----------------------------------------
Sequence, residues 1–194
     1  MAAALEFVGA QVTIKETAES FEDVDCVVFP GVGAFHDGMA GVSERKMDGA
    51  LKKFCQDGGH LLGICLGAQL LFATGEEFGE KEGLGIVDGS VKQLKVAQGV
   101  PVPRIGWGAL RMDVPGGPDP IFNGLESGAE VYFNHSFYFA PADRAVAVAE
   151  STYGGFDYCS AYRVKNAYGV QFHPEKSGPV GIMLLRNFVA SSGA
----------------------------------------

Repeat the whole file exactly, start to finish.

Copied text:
Sequence, residues 1–194
     1  MAAALEFVGA QVTIKETAES FEDVDCVVFP GVGAFHDGMA GVSERKMDGA
    51  LKKFCQDGGH LLGICLGAQL LFATGEEFGE KEGLGIVDGS VKQLKVAQGV
   101  PVPRIGWGAL RMDVPGGPDP IFNGLESGAE VYFNHSFYFA PADRAVAVAE
   151  STYGGFDYCS AYRVKNAYGV QFHPEKSGPV GIMLLRNFVA SSGA